Roots and wings. Roots and wings. The most important things I have given to my children are roots and wings.
As I sit staring at the hawk soaring through the sky on the 1996 bottle of The Eyrie Vineyards Willamette Valley Pinot Noir—the birth year of my son—the symbolism of the label completely hits home.
I am no longer a mother to a teenager. Period.
My youngest is twenty. A truly milestone age. Though eighteen is considered legally an adult, we all know that’s not true. But twenty…there’s something about twenty that seems so old, so mature, so heart-wrenching.
My son would probably tell you he was this grown up two years ago, but I’m not buying it. Two years ago he was still in high school. Still under my roof all the time.
But now, just like that soaring bird, he has left our family nest, leaving his parents’ eyrie empty for the first time. It might not seem like a big deal to many parents, but his father and I have never been adults without kids. Never. Parenting is what we have done every day, week, month, and year of our adult lives.
My advice on parenting has always been that it isn’t about the parents; it’s about the kids. Many would say, “Well, duh!” However, not many parent that way.
I have always tried to do what was right for my children, no matter how that affected me. When a parent tells a screaming toddler no, it is hard on the parent. It is much easier to give in to the screaming and let the toddler have his way, but that isn’t often what is right for the child.
When a pre-teen screams, “I hate you!” at her mother. It is really easy to let that child have her way and for the parent to be the good guy. This is probably not the best choice though.
When a teenager has a curfew, the parents have to stay up waiting, no matter how tired those parents are. When a teenager is grounded for staying out past said curfew, the parents are, in essence, grounded, too, because they have to stay home to monitor the teen.
Sometimes it is easier on parents if they bury their heads in the sand and become best friends with their teen, to let the teen do whatever, whenever. This is never what is right for that teenager.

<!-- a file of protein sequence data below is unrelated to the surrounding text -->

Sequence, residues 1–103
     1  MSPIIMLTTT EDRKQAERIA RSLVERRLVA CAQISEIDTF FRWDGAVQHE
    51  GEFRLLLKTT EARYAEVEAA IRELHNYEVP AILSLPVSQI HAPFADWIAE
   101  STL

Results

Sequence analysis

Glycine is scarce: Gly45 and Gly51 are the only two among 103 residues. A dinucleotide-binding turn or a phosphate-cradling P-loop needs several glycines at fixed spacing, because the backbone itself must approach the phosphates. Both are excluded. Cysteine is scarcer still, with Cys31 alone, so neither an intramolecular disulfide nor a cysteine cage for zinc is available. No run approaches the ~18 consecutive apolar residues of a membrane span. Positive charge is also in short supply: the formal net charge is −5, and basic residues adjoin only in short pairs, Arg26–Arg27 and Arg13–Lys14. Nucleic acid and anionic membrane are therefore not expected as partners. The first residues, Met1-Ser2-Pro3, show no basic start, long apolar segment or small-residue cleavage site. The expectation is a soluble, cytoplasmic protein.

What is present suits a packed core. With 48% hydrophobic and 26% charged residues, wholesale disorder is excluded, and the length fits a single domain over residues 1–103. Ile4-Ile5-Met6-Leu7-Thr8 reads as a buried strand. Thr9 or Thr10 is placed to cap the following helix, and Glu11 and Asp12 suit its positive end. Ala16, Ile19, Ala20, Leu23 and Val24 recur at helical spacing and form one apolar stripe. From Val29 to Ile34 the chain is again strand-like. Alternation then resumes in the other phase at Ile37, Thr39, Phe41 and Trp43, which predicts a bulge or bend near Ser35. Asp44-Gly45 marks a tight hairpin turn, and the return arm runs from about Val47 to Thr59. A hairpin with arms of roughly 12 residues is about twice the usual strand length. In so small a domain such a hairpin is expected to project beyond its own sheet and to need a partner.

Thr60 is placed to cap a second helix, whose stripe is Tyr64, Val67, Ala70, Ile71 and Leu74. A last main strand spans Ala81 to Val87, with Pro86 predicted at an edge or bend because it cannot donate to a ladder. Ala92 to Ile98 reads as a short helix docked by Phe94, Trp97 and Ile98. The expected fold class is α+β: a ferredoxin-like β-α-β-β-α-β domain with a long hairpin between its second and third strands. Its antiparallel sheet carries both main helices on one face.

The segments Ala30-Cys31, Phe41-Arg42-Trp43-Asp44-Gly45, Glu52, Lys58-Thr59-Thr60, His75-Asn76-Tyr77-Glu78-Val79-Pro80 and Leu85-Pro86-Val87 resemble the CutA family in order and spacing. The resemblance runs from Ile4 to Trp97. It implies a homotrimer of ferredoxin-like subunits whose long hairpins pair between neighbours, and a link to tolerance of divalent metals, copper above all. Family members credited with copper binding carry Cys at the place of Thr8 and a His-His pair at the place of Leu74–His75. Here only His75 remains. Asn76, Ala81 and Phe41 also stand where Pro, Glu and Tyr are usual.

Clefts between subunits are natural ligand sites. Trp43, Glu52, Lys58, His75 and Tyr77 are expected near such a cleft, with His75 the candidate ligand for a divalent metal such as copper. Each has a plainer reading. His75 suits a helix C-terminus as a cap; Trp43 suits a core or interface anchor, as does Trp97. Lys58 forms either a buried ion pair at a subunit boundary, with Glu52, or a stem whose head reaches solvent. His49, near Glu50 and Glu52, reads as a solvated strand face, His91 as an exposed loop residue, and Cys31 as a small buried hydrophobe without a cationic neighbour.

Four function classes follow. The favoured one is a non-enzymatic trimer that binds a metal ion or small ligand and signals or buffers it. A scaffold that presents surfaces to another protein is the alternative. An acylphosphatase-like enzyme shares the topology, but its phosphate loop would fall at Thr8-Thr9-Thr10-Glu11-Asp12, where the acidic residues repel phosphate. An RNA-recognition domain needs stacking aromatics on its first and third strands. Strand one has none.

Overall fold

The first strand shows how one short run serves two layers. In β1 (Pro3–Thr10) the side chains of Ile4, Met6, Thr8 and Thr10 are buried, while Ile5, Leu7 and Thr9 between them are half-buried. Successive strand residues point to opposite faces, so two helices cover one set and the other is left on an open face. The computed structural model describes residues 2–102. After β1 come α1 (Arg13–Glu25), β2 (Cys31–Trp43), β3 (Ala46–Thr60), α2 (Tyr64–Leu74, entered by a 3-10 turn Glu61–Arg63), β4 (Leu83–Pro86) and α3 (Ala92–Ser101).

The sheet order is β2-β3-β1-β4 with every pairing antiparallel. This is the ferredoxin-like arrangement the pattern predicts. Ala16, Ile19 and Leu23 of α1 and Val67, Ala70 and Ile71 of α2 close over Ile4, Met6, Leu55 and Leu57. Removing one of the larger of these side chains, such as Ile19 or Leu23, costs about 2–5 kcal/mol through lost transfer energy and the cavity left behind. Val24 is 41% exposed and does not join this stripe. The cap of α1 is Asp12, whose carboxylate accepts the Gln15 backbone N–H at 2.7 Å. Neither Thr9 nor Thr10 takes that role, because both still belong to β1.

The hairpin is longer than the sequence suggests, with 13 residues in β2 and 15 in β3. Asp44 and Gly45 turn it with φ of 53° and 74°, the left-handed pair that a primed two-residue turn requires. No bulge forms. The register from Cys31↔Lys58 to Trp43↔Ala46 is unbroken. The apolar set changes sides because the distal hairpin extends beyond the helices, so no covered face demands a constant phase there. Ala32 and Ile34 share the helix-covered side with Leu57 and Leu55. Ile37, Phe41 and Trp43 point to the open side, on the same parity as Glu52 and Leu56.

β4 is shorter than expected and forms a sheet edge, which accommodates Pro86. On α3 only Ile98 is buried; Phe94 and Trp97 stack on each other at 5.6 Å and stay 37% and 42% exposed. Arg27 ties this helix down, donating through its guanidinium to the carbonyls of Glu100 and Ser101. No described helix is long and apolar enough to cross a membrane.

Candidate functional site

Am I a perfect parent? Hell, no. Have I made mistakes? Hell, yes! But overall, I have always done what was right for my kids, even when they threw a fit, even when they screamed at me, even when they lied to me. I have held them to a standard. A standard of which I knew they were more than worthy, a standard which I knew they deserved. Because I loved them that much.
As my youngest enters his twentieth year, I can see the results of all of this hard parenting. And believe me, it is hard, the hardest—and the best—thing I have ever done, that I ever, ever will do.
Our son is back to the safety of our nest now, home for the summer after his first year of college. Our roots have brought him here. He will fly from our eyrie again. I want him to do that. I can’t wait to see where his wings take him.
As his father and I sit and drink this birth-year bottle together, we inhale the musty earth, the muted fig, the strong mint, the zippy acid. After twenty years, this is still a gorgeous wine, barely showing its age. It is perfect. So perfect we make parenting be about us, just for a short moment, as we bask in another milestone of our son’s life. Only one milestone of many yet to come. A milestone my son doesn’t even think is that important because it is only twenty…not twenty-one.
But mostly, I stare at the wings of the regal bird on the bottle of 1996 The Eyrie Vineyards Willamette Valley Pinot Noir. My English-teacher heart ponders the symbolism. My mothering heart lurches with a bit of sorrow while it wonders at the passing of time—but my heart does not break—it explodes with pride while it remembers the deep roots beneath those soaring wings.
Why The Eyrie Vineyards?
I had been on the lookout for a birth-year bottle of wine for our son. My husband and I opened a birth-year wine on our daughter’s twentieth birthday and were determined to do the same on our youngest’s birthday. I had looked around online, never finding the bottle that completely met my standards or my taste buds.
Then my husband and I spent our spring break in the Willamette Valley. I love pinot noir. I love Oregon. I love Oregon pinot noir. I was thinking of looking for a bottle when we stopped to taste at The Eyrie Vineyards. The Eyrie has quite a library selection. David Lett, known as Papa Pinot for his pioneering status growing pinot noir in the Willamette, grew many of the earliest vineyards in the area, experimenting with my favorite varietal. As part of this “experiment,” Lett also held back many cases from past vintages.
These cases were not just left and forgotten. The Eyrie actually has quite a certification process where library wines are tasted through for quality before being re-blended and re-corked, then covered with a wax capsule to store for more aging. The tasting room always has one library selection on its menu for customers to enjoy. On the day of our visit, a 1978 Merlot was on the list. There was also a 1987 Chardonnay for a white option. Both were absolutely amazing. The age was showing, but only in the finest ways. Lett’s experiment has obviously been proven a success time and time again. If I wasn’t a believer of the Willamette Valley and Oregon wines before (which I was), I surely was at that moment.
The Eyrie had two different options for 1996 wines—the year for which I was looking. My husband and I contemplated our selections and made our choice, taking home the South Block Willamette Valley. This was just another serendipitous event on a trip that was filled with such moments. Truly, this birth-year wine capped off a great trip and proved why The Eyrie Vineyards is considered a must-stop winery.